Politicians and business people say anything other than delivering high speed rail in full would be ‘deeply damaging’ to the North and the Midlands, and seriously undermine the government’s flagship ‘levelling up’ agenda.
They spoke out after the National Infrastructure Commission published its Rail Needs Assessment which said the focus should be on linking cities in the North and Midlands first.
It did not ‘rule out’ the completion of HS2 through the Midlands and Yorkshire to Leeds.
But campaigners fear the eastern leg will be kicked into the long grass and eventually wither due to other pressures on government funding.
In a joint statement Dan Jarvis, Metro Mayor of the Sheffield City Region, Judith Blake, leader of Leeds City Council and Kay Cutts, leader of Nottinghamshire County Council said: “We are hugely disappointed by the publication of the Rail Needs Assessment today.
"Let us be clear: the alternative options put forward by the National Infrastructure Commission would be deeply damaging to the North and the Midlands, and would seriously damage attempts to close the divide between London and the South East and the rest of England.”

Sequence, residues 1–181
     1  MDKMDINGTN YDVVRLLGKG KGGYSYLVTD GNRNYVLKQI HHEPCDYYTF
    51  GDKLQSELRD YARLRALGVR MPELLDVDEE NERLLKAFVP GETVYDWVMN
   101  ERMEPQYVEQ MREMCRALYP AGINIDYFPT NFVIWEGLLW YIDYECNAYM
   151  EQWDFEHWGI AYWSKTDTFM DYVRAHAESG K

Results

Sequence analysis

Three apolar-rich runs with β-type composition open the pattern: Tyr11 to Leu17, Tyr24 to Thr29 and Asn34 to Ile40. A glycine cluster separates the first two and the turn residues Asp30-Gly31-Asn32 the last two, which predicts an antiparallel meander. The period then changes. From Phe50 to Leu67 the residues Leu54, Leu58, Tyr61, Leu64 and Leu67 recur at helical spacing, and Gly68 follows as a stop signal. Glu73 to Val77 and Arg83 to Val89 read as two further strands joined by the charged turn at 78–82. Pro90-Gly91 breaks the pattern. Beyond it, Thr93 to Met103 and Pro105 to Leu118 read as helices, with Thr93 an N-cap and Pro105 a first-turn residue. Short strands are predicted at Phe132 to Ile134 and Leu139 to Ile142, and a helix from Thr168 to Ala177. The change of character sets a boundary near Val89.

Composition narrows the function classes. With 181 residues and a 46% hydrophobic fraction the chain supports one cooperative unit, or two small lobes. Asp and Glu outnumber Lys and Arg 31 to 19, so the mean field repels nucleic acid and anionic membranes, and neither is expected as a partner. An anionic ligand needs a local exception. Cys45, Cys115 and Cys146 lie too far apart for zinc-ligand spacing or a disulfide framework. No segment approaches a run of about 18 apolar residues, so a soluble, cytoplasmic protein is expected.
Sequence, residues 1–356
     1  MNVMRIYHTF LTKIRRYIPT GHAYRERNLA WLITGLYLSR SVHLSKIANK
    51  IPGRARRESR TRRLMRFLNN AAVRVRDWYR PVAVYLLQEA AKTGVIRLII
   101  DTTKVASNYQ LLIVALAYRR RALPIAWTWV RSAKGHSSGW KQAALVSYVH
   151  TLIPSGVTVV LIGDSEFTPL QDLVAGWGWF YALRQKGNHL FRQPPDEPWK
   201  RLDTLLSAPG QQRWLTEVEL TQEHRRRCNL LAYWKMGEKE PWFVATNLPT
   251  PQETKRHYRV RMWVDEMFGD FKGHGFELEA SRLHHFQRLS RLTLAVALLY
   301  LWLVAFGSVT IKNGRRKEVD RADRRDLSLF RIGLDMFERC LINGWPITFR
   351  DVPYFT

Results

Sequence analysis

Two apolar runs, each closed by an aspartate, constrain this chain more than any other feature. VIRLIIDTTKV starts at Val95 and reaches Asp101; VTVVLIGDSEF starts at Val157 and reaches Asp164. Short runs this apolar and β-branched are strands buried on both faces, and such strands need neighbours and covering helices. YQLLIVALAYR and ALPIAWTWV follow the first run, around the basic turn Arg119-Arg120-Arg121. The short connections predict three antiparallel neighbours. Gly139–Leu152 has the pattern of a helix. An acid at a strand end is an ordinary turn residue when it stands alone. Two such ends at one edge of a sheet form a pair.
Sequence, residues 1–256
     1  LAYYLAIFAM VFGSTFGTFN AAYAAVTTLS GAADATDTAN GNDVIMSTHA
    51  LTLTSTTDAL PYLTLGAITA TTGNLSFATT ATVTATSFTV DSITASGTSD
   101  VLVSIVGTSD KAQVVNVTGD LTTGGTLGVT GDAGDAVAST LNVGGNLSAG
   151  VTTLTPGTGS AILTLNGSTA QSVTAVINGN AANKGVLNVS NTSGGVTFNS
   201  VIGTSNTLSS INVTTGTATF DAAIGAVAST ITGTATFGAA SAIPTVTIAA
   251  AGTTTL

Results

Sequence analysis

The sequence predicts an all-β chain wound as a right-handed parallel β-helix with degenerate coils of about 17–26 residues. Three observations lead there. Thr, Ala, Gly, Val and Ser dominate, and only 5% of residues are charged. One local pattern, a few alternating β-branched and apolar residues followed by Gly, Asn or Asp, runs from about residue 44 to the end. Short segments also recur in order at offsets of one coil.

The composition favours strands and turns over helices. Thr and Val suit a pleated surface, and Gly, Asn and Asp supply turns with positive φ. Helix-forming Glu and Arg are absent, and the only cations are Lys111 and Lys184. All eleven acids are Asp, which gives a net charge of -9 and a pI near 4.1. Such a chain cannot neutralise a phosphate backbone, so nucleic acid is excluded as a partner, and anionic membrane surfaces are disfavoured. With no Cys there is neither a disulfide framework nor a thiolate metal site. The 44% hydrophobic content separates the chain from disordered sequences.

The National Infrastructure Commission states £86bn now only provides enough for upgrades and some new lines, which is ‘unlikely to meet the strategic objective of levelling up in the North and the Midlands’.
And it said the Transpennine Route Upgrade, Midland Main Line electrification and some Midlands Engine Rail schemes, could be done earlier as work is underway already.
Sir John Armitt, chair of the National Infrastructure Commission, said: “Major rail schemes will be an important component in levelling up the country’s economic geography, but we should ensure public money is carefully spent where it can make the most difference.
“The number and scale of rail schemes currently being proposed for the North and Midlands mean that some form of prioritisation will be necessary, and we think there are ways of bringing forward benefits for communities and businesses while keeping options open for additional investments if the circumstances are right.
“Our independent analysis offers government various ways of targeting spending depending on the precise economic and social outcomes it wants to achieve.”